Franchising business expects it is poised to rebound, if Covid is introduced below management
A worker puts pepperoni on a pizza inside a Domino’s Pizza franchise in New York.
Daniel Acker | Bloomberg | Getty Images
After a year marked by business closures, disruptions and unprecedented challenges, the franchising industry is poised to bounce back to pre-pandemic levels by year’s end if Covid-19 is controlled, according to an upcoming report.
In its annual economic outlook, the International Franchise Association is estimating more than 26,000 franchised locations will be added, or a gain of 3.5% to more than 780,000 establishments. The additions would help offset last year’s declines.
In addition, franchise employment is set to rise more than 10% to nearly 8.3 million workers, the group said. It added that of the nearly 800,000 expected new jobs, many will come from the retail, food and services sectors.
The IFA forecast, prepared by research and consulting firm FRANdata, projects the gross domestic product of the sector will increase by 7% to $477.4 billion and franchise business output will jump 16.4% to $780 billion, also making up for losses seen last year. In 2020, franchising lost some 20,000 units and saw employment decline by 11.2% to 7.5 million workers due to losses in lodging, full-service restaurants and personal services sectors.
“Through quick adaptability, scalable technology, and a focus on in-demand products and services, the franchise sector has shown its resilience time and again. In conjunction with smart policies out of Washington, franchises can help Americans get back to work,” Robert Cresanti, IFA president and CEO, said in a statement to CNBC.
The bulk of growth this year will come from the commercial and residential services industry, along with continued strength from the quick service restaurant category, which has gotten a boost over the last year. The strength of the recovery assumes several factors including controlling the pandemic, the vaccine rollout and pent-up consumer demand.
“It’s important to understand there’s not just going to be this explosive growth as soon as everyone is given the green light,” said Darrell Johnson, CEO of FRANdata. “The world has changed, and consumer behavior has changed significantly in certain ways, that it will lead to a different kind of growth coming out of this.”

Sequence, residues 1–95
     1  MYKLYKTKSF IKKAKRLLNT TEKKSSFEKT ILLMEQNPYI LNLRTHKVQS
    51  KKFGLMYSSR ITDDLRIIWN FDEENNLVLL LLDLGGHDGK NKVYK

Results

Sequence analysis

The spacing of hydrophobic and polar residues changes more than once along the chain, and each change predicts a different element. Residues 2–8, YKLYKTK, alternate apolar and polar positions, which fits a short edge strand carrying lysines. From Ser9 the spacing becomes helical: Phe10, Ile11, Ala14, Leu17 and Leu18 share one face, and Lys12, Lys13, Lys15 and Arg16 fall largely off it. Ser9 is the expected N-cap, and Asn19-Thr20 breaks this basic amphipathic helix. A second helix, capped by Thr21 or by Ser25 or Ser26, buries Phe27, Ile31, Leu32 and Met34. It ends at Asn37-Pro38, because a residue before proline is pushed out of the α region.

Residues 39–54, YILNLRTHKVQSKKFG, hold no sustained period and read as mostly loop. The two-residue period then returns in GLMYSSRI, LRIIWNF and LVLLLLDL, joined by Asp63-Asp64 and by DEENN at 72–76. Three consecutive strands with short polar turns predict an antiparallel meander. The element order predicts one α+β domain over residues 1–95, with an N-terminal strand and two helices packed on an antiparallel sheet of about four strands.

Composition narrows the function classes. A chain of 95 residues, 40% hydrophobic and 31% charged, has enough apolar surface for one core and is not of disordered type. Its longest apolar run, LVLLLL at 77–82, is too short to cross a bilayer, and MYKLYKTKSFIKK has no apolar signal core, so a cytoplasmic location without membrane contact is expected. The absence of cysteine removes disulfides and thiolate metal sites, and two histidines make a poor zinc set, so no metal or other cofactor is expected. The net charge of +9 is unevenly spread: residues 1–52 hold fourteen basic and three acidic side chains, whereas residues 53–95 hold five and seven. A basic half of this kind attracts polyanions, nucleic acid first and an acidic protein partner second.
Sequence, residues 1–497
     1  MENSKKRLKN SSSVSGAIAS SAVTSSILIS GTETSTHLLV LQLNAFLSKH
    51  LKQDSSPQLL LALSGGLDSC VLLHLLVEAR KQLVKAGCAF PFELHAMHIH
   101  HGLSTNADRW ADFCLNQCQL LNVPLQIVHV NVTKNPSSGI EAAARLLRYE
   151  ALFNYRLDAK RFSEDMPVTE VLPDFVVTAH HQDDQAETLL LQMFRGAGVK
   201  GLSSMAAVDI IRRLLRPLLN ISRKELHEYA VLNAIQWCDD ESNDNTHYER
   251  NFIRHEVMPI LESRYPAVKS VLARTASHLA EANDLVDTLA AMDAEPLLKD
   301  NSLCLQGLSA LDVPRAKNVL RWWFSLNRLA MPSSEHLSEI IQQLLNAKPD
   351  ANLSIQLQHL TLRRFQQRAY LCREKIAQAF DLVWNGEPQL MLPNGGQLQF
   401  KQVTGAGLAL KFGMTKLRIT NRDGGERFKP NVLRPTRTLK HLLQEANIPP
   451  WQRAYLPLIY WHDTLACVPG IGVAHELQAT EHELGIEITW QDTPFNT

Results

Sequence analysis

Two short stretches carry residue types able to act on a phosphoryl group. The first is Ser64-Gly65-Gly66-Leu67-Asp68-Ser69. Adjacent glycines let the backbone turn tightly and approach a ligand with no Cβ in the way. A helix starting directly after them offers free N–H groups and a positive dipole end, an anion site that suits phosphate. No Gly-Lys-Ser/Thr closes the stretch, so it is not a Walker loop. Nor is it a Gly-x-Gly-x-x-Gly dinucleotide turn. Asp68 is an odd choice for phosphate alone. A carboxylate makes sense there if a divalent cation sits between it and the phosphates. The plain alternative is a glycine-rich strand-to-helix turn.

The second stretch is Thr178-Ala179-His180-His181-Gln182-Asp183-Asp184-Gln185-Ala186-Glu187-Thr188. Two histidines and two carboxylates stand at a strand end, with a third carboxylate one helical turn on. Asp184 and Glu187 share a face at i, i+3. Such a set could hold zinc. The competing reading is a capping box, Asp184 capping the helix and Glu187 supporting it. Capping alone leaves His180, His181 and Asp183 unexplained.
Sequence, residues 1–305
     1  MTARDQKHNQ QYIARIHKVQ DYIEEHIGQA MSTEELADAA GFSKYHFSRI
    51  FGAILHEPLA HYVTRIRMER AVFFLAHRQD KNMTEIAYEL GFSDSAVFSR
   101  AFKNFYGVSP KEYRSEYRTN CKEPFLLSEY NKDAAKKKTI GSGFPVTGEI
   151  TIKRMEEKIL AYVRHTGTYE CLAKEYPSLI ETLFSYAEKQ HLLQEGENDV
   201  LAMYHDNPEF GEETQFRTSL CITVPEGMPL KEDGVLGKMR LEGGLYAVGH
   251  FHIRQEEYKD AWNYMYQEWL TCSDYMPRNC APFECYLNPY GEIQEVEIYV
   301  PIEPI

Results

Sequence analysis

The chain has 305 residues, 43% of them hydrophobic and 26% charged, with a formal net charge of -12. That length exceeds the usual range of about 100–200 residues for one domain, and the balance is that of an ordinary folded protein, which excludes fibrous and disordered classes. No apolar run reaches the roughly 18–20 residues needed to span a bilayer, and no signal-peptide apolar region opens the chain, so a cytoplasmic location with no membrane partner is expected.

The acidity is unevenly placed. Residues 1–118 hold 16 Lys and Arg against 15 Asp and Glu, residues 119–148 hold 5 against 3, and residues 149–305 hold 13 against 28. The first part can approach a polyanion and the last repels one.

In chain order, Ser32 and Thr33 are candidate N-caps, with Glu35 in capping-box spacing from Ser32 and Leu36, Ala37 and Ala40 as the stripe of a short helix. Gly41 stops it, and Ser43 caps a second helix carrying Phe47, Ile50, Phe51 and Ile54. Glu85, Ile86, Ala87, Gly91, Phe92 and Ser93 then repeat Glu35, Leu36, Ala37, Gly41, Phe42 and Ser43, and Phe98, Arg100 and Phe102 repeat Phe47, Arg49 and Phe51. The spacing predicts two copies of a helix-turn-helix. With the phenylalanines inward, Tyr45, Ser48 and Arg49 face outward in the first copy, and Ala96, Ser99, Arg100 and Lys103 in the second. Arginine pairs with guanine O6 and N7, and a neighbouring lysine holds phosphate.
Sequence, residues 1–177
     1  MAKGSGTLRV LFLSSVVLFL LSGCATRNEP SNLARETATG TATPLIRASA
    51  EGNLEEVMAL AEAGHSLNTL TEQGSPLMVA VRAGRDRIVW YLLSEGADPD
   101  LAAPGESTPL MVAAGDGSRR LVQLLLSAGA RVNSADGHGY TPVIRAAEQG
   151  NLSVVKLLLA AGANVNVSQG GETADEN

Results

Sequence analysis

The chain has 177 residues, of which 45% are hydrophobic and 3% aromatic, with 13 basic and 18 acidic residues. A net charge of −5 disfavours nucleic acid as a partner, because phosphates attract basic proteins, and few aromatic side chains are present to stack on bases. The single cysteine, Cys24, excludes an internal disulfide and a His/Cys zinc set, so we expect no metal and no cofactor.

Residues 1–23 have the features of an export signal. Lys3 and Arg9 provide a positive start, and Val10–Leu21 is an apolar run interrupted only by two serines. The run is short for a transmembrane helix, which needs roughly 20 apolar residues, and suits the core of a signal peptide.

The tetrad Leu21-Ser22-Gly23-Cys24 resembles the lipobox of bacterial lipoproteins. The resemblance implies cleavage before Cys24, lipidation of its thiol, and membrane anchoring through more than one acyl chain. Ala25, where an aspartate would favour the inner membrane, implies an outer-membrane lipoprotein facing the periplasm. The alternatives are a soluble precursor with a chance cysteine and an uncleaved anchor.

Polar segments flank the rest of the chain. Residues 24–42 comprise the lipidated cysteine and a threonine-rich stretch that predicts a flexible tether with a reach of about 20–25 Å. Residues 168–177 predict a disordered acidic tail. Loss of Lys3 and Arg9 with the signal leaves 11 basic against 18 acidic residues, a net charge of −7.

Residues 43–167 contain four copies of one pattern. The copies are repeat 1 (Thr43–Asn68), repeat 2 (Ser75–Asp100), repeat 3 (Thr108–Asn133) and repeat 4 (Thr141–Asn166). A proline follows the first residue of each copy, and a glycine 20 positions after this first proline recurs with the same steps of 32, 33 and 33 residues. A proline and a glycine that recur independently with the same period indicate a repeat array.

Johnson cited the enormous growth of home delivery and curbside pickup at quick-service restaurants as an example. He said these services were “forced into the equation” because it was the only way consumers could purchase products.
The industry’s recovery also hinges on government action to support both small businesses and the economy at large.
President Joe Biden’s $1.9 trillion economic recovery plan includes aid for small businesses in the form of grants and financing, along with direct checks to individuals. Congressional Democrats are also working to include $25 billion in aid specifically for restaurants.
The Paycheck Protection Program has been a lifeline for many small businesses who were able to access funding, with the Small Business Administration reporting that as of Feb. 15, just under 1.7 million loans have been approved for nearly $126 billion.
The average loan was $75,000, as smaller companies are accessing aid, but 1.17 million have been second-draw loans, for those who received aid earlier in the cycle and are tapping the program again.
The IFA report will say that nearly half of all franchisees are one- and two-unit operators, and that includes a number of minority-owned businesses and those who operate in underserved communities. Aid is important as these small businesses are at the highest risk of closure.
“There are businesses that benefited from the first round of PPP that kept them alive. They got a second round of PPP because they really were hurting still, and so they were kept alive again. The question is, what is the long-term prognosis for those businesses?” Johnson said. “And therein lies the conundrum for policymakers.”
Another factor in the recovery includes government policies such as increasing the federal minimum wage, according to the report. The IFA has warned against Biden’s plan to increase the federal minimum wage to $15 an hour by 2025, cautioning that it could slow the recovery and could lead to the adoption of more automation.
The National Restaurant Association released data Tuesday echoing this sentiment. It said 82% of operators expect initial wage increases would hurt the recovery from Covid-19.
“Passage of this bill this year would lead to job losses and higher use of labor-reducing equipment and technology,” Sean Kennedy, the restaurant industry trade group’s executive vice president for public affairs, said in a statement. “Nearly all restaurant operators say they will increase menu prices. But what is clear is that raising prices for consumers will not be enough for restaurants to absorb higher labor costs.”